I don't know what I was expecting from this remote metropolis, but it certainly wasn't the throbbing neon lights, loud music and fancy stores that greeted me. It is a thoroughly modern and cosmopolitan city, with an interesting mix of ethnic groups, not just Uighur and Han, but also Hui, Uzbek and Russian. Still, I was given one priceless picture of rurality just a while ago: walking down one of the main roads in the middle of town, blissfully uncaring of the traffic zooming past, was a farmer herding about half a dozen goats. I have no idea how he got there, or where he was going with his little troop, but it was a priceless moment for me.

Urumqi is also the political and administrative centre of Xinjiang (or, to give it its full name, Xinjiang Uighur Autonomous Region), which is also China's largest province by area (if it were a country it would be 17th largest in the world between Libya and Iran). The region, along with Tibet, also has an underground independence movement, although it's Tibet that seems to grab all the headlines (probably because Buddhism is more in fashion and they've got the Dalai Lama as a figurehead) nonetheless nationalist sentiment among the Uighurs runs high. The Chinese government is doing its best to counter this through several means: allowing a certain degree of autonomy (Uighur is an official language within the province and there are newspapers and TV programmes in it); flooding the place with ethnic Han Chinese to dilute the Uighur majority; rewriting history to promote Chinese nationalism; and good old-fashioned totalitarian repression. It is the last two that are the most insidious and I've had a little taste of a subtle form of both of them today. I went to the Xinjiang province museum today and they had a timeline of the history of the region. Not only were there continuous references to the "glorious motherland" and "harmony between the people" but whilst recounting the history the exhibit jumped from the Yuan dynasty (1271-1368) to the Qing dynasty(1644-1911), completely skipping the 300 years of the Ming dynasty that lies in between, which, oddly enough, was the time of greatest independence for the Uighur people. I wonder whether the locals notice and what they think of it? The soft repression is happening right now at the cyber cafe. As I'm surfing I'm finding many more websites being blocked here than in the rest of the country, and most of them are very innocuous (honest!).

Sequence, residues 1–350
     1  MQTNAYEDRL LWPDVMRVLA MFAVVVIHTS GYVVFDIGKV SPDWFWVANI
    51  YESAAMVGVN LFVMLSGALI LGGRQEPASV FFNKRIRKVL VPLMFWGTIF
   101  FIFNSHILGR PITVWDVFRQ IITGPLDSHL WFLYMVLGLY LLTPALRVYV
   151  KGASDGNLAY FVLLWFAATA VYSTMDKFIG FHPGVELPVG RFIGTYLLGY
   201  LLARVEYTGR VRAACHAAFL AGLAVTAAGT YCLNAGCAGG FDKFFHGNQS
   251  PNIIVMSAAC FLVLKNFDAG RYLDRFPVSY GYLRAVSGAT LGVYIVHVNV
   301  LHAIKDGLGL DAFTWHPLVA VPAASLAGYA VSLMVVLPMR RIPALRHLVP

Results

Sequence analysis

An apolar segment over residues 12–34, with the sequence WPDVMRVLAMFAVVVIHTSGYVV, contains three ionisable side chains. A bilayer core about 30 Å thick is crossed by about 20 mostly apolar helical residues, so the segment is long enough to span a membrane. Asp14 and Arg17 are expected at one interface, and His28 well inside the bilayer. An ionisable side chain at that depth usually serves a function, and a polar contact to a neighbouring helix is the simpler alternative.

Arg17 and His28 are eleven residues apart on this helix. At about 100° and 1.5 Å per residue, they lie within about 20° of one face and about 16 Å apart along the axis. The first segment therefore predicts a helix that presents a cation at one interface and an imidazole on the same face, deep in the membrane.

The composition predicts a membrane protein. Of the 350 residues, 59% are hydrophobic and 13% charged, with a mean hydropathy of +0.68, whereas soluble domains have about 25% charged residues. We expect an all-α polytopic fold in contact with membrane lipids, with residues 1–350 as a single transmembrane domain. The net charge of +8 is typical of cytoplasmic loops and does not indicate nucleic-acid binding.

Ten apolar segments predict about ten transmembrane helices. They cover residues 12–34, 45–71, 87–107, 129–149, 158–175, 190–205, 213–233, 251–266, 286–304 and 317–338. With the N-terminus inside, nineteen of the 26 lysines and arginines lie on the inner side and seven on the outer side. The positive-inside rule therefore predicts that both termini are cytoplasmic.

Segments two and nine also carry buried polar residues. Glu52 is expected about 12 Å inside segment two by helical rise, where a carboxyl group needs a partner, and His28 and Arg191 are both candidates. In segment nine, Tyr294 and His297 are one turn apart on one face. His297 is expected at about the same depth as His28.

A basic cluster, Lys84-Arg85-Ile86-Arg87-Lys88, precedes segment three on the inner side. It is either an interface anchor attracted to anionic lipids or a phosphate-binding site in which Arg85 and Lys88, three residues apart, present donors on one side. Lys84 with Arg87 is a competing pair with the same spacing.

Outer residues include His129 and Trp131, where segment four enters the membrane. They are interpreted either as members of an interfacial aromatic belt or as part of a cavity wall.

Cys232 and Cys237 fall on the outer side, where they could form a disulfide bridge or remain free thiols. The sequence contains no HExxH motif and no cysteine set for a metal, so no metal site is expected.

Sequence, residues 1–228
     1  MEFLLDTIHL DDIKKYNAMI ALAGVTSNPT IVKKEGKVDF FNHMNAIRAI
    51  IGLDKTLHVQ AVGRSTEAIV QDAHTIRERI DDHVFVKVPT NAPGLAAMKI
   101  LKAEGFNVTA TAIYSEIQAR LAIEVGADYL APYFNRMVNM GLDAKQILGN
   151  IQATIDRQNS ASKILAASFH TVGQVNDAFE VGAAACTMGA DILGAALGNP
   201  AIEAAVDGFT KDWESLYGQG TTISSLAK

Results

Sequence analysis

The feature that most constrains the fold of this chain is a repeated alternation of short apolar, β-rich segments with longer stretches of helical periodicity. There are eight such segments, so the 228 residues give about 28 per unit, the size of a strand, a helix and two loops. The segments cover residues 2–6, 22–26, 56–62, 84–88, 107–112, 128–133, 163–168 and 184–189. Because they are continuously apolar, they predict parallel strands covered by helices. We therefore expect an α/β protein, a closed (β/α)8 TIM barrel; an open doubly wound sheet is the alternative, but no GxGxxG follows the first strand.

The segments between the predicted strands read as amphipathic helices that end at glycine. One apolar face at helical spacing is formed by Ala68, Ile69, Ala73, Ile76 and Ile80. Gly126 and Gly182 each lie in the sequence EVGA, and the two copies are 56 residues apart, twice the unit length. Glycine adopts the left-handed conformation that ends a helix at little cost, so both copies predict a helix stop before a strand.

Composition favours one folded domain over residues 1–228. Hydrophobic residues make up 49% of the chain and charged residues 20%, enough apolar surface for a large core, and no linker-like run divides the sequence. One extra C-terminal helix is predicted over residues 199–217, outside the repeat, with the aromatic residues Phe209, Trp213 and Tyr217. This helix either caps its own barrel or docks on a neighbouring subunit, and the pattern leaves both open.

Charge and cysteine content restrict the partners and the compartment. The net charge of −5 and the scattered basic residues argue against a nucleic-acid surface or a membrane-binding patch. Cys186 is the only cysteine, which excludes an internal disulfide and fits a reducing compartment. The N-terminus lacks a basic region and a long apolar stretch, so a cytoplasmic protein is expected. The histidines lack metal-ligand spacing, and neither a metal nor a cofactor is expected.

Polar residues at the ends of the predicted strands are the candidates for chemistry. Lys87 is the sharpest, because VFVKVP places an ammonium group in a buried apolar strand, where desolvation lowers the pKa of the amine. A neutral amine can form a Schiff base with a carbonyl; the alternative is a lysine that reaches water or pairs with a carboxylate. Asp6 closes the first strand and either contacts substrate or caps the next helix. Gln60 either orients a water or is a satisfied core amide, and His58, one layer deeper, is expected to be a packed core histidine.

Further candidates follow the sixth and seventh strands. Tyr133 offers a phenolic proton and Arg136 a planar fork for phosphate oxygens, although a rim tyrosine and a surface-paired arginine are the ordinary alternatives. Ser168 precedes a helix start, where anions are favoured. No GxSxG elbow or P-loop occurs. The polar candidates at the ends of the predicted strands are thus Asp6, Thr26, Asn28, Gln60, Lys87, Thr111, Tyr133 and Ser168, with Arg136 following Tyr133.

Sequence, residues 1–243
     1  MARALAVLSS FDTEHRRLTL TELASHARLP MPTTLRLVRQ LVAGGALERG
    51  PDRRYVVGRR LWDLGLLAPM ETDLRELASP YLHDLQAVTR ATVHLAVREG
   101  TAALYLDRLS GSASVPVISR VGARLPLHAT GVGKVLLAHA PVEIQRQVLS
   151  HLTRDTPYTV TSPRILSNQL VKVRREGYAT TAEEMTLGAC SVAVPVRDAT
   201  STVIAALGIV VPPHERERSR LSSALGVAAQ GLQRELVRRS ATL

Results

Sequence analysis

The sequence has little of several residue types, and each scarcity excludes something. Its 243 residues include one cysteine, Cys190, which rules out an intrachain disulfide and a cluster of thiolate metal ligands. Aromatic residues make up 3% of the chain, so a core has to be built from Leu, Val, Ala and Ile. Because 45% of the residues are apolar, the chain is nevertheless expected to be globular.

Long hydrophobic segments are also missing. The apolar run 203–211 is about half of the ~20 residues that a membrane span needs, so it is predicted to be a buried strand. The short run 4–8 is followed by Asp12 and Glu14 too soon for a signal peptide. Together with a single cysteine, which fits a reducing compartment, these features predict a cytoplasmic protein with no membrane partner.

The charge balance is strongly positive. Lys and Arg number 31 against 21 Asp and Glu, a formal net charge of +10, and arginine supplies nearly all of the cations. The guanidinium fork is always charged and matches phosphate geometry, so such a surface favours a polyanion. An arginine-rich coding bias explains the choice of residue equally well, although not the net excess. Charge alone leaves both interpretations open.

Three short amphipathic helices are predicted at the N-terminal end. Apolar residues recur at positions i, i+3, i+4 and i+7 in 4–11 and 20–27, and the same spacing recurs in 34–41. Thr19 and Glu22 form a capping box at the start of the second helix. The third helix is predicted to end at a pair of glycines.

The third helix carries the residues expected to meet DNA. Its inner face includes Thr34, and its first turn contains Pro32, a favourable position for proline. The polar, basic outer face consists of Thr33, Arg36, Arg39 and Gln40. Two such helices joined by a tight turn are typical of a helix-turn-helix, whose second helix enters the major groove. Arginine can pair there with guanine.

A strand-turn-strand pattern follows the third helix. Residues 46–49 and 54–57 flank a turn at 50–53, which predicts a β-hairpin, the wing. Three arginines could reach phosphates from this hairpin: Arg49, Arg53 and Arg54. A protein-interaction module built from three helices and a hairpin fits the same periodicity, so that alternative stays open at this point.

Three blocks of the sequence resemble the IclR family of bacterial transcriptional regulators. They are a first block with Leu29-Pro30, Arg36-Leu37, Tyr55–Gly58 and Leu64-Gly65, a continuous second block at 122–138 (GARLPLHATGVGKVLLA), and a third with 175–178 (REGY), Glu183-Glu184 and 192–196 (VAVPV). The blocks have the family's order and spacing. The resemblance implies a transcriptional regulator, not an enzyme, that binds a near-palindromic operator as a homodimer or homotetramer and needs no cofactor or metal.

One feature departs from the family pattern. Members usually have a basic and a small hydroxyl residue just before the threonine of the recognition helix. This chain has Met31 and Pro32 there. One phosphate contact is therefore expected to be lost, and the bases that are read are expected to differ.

Tuesday, October 25, 2005


China is a nation of mountains; not just in the west with the awesome Tibetan Plateau, but all the way to the east coast as well. But as well as dizzying heights, there are also sobering lows. The Turfan Depression is the second lowest point on earth (second only to the Dead Sea in Israel), culminating, as it were, at 154m below sea level in a salt-encrusted puddle of mud at Aydingkol lake. The town of Turfan (or Turpan as it's called by the local Uighurs, or Tulufan by the Chinese) sits on the northern branch of the Silk Road and has the distinction of being the hottest place in China, though at this time of year it's quite pleasant. Much closer to my heart (actually just below it in my stomach) are the grapes and raisins for which the area is famous for. The whole area around the town, as well as peoples' gardens, is full of vineyards, although they look quite forlorn at the moment because the harvest is already over. Due to the hot, dry climate the raisins produced in Turpan are the sweetest, most delicious you will ever eat. Needless to say I have been stuffing my face.